Association of risk assessment at diagnosis with healthcare resource utilization and health-related quality of life outcomes in pulmonary arterial hypertension

8 July 2024

Allan LawrieNeil HamiltonSteven WoodFernando ExpostoRuvimbo MuzwidzwaLouise RaiteriAmélie BeaudetAudrey MullerRafael SauterNadia PillaiDavid G. KielyASPIRE Consortium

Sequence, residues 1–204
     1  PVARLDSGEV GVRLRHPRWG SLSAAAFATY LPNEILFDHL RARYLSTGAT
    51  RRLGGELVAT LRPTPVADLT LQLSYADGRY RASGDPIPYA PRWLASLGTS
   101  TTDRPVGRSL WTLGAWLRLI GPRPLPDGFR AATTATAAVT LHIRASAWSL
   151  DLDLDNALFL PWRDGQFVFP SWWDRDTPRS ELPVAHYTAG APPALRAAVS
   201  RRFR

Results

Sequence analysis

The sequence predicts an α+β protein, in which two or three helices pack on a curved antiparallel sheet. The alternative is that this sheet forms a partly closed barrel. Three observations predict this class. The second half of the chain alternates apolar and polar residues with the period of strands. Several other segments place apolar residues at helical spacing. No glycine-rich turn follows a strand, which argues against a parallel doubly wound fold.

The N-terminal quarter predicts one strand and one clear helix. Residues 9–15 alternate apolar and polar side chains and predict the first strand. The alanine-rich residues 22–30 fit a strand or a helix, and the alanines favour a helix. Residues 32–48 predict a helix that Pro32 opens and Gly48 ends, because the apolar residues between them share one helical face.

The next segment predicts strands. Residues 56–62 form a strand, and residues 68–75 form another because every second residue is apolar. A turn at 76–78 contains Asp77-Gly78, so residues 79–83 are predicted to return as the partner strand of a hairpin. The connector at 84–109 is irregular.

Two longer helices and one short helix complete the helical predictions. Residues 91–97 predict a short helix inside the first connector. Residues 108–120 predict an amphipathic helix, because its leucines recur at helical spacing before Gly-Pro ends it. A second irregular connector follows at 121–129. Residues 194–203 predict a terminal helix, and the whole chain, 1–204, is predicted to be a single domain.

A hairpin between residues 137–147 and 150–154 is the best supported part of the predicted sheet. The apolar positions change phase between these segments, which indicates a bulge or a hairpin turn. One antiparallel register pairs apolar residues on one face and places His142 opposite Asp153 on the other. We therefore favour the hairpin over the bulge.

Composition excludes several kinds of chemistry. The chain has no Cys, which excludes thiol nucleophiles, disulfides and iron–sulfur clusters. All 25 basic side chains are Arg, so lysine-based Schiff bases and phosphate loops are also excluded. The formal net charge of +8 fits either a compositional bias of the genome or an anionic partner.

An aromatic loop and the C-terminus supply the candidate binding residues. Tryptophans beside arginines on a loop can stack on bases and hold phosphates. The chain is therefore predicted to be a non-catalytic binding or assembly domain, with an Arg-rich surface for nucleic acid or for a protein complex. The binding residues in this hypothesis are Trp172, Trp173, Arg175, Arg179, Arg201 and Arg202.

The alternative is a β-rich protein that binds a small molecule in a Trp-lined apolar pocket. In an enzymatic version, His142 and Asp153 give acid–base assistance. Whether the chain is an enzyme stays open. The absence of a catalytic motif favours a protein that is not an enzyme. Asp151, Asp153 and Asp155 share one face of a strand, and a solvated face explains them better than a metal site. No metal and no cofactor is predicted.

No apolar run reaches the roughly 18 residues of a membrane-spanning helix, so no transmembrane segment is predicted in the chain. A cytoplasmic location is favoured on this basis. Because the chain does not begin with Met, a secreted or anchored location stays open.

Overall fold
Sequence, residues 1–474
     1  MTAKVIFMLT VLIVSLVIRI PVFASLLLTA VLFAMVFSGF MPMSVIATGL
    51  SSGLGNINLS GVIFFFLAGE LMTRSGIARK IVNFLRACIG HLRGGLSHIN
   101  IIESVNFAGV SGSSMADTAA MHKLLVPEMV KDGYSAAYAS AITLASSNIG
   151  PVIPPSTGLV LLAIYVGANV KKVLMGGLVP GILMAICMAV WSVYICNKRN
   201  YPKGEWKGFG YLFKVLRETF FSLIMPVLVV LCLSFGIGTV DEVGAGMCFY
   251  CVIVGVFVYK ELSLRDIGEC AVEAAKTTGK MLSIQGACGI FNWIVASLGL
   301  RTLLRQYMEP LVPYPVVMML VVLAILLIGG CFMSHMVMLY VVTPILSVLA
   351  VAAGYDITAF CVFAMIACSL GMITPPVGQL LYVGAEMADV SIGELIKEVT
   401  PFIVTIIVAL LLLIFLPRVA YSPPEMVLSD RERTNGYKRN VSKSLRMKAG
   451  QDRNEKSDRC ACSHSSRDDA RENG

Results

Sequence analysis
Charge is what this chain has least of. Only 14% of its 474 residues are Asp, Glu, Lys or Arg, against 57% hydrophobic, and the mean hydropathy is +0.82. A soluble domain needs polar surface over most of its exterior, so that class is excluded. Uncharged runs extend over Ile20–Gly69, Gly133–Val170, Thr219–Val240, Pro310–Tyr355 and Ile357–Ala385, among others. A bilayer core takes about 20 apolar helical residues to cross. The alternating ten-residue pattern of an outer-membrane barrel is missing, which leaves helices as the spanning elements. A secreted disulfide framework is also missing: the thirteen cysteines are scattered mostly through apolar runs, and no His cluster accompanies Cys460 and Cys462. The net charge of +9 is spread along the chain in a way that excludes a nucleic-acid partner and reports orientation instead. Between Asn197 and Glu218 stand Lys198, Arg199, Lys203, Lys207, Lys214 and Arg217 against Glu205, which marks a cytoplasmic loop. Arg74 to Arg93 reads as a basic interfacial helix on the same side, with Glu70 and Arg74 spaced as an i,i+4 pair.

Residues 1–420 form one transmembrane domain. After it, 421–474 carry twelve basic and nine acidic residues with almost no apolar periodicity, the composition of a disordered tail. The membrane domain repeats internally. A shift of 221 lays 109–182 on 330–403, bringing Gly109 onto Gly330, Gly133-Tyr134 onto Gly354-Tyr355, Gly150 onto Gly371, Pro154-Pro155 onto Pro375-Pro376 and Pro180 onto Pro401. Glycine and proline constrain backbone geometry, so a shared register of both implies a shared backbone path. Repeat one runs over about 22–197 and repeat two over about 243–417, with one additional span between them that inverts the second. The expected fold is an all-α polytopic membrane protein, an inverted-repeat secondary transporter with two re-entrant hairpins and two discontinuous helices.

We aimed to describe the clinical characteristics, healthcare resource utilization (HCRU) and costs, health-related quality of life (HRQoL), and survival for patients with pulmonary arterial hypertension (PAH), stratified by 1-year mortality risk at diagnosis. Adults diagnosed with PAH at the Sheffield Pulmonary Vascular Disease Unit between 2012 and 2019 were included. Patients were categorized as low, intermediate, or high risk for 1-year mortality at diagnosis. Demographics, clinical characteristics, comorbidities, HCRU, costs, HRQoL, and survival were analyzed. Overall, 1717 patients were included: 72 (5%) at low risk, 941 (62%) at intermediate risk, and 496 (33%) at high risk. Low-risk patients had lower HCRU prediagnosis and 1-year postdiagnosis than intermediate- or high-risk patients. Postdiagnosis, there were significant changes in HCRU, particularly inpatient hospitalizations and accident and emergency (A&E) visits among high-risk patients. At 3 years postdiagnosis, HCRU for all measures was similar across risk groups. Low-risk patients had lower EmPHasis-10 scores (indicating better HRQoL) at diagnosis and at 1-year follow-up compared with intermediate- and high-risk patients; only the score in the high-risk group improved. Median overall survival decreased as risk category increased in analyzed subgroups. Low-risk status was associated with better 1-year survival and HRQoL compared with intermediate- and high-risk patients. HCRU decreased in high-risk patients postdiagnosis, with the most marked reduction in A&E admissions. The pattern of decreased per-patient inpatient hospitalizations and A&E visits at 3 years postdiagnosis suggests that a diagnosis of PAH helps to decrease HCRU in areas that are key drivers of costs.

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